Radio In BMI’s Sights Over Rate-Setting


BMI wants radio stations to pay more for licensing music and it’s taken the matter to federal court in New York. The organization asserts there’s been an “erosion” in the promotional value of radio — i.e. just how much it advantages recording artists — which it blames for the decline in music sales.

The filing to the court says: “Radio broadcasts no longer drive music sales, once a critical revenue source for BMI’s affiliates and a factor long considered a justification for lower rates payable to BMI.” On the flipside of the coin, is the common knowledge that digital has greatly changed the game. BMI offers figures to back up this dual pressure, noting that album sales declined 18% in 2017 while on-demand audio streams of single songs grew 59%.

The whole idea of how music is purchased has shifted dramatically, and with it comes the contention that people are tending less towards album purchases and are more in favor of building their stockpile of individual songs digitally, and across devices, to be listened to in whatever order, and wherever, they wish. “In light of these changes, publishers can no longer rely on royalties from album sales to capture the full value of their copyrighted works,” BMI told the court.

Nielsen takes issue with the assertion, reporting that the top source for music discovery is AM/FM “Over-the-Air” radio, with 49% of listeners saying this is where they turn for new music.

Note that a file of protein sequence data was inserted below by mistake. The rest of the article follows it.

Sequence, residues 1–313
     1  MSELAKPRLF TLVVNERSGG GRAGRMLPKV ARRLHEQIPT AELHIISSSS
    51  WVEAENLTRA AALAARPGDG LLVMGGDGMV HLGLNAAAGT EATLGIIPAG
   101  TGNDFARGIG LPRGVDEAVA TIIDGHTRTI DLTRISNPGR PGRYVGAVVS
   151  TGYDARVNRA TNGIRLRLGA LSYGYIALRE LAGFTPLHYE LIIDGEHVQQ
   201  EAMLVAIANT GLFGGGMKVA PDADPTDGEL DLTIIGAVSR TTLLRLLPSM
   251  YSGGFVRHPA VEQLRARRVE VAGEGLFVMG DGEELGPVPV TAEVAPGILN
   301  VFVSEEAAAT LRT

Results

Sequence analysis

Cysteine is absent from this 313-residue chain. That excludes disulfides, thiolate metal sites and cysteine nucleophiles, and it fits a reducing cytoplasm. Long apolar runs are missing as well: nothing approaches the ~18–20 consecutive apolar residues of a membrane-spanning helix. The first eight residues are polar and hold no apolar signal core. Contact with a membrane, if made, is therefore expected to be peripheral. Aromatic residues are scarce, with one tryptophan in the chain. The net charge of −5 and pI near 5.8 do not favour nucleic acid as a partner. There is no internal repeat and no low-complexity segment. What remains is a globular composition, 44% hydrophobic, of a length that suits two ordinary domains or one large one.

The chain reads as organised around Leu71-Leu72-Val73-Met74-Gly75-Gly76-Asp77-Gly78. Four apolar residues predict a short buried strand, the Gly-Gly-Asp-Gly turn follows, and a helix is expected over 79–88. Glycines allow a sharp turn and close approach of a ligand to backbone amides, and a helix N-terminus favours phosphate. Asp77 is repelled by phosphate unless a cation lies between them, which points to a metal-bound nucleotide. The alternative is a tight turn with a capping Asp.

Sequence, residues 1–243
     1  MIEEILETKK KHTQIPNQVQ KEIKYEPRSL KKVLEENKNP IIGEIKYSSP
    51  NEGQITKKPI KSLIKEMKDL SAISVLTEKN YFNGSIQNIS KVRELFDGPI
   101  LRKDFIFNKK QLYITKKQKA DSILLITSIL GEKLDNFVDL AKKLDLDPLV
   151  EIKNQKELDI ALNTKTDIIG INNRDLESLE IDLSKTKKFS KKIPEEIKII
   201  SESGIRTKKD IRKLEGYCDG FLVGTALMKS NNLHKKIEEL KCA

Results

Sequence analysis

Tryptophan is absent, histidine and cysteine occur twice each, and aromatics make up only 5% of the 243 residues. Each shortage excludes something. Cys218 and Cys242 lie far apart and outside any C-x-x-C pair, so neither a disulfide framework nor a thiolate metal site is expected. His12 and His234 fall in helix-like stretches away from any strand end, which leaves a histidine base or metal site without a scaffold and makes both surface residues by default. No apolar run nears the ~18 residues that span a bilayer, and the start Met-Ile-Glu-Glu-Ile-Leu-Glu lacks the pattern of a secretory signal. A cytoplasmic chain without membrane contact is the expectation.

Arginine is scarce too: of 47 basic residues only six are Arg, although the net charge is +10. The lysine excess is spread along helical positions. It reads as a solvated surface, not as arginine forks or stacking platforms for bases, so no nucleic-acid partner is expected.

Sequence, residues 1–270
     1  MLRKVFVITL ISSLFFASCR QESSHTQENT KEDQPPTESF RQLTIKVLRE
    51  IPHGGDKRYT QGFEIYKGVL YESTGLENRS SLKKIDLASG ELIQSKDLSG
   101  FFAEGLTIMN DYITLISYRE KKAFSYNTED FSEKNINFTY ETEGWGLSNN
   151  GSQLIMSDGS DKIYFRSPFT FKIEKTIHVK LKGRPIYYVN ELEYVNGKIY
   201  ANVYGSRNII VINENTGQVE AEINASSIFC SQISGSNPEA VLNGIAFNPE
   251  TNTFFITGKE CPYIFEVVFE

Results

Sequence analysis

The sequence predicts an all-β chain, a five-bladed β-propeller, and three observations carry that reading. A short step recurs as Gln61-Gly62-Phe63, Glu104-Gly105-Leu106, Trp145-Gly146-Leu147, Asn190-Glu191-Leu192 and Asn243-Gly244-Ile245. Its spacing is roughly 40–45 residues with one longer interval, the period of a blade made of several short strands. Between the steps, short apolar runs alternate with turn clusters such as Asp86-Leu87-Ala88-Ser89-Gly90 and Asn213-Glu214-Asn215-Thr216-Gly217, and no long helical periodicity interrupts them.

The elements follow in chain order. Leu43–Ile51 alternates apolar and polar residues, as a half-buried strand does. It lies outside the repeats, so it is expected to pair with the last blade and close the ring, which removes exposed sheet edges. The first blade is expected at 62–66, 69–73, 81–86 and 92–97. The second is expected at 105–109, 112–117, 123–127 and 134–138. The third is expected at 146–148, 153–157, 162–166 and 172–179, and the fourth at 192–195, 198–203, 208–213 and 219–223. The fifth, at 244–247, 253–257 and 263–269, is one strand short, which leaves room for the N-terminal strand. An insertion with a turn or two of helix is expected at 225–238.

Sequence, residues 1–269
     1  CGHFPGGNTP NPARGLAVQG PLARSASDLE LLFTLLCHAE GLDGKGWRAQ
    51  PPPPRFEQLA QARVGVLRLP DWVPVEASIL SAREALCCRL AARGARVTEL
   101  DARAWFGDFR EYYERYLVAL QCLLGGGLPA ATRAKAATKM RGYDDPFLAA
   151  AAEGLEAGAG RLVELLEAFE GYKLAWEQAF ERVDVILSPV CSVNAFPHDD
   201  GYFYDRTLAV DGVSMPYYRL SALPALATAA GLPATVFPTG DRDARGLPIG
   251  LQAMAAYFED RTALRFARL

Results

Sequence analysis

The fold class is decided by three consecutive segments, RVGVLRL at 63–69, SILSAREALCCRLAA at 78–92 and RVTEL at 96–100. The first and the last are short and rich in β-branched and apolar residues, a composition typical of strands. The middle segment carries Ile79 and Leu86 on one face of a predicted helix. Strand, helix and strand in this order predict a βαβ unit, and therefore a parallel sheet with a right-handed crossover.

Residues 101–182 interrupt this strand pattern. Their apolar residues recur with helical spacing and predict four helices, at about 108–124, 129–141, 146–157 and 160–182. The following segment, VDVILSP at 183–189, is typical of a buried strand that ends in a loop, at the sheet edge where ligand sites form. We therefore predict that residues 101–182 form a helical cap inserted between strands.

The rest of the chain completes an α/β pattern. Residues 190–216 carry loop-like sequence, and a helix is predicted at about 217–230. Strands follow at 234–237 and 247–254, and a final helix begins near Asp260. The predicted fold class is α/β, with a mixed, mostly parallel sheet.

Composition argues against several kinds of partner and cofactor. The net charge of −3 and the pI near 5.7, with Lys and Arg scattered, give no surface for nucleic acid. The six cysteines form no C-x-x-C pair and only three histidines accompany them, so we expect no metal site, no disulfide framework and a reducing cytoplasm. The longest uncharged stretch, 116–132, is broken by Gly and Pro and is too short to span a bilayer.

Currently, stations pay approximately 1.7% of their revenue for licensing. The Radio Music Licensing Committee (RMLC) wants that rate lowered while BMI wants the radio industry to pay more, saying, “As a result of streaming and multicasting, overall music use by radio stations, including music in the BMI repertoire, has increased dramatically and it is expected to continue to increase going forward.”

BMI has proposed hiking the revenue rate to 2% for the new term, from the 1.7% revenue rate that stations had been paying under the industry’s previous deal, and raising it to 2.5% for online music use. But citing what it contends is BMI’s reduced market share, the RMLC has counter-offered a lower 1.4% rate.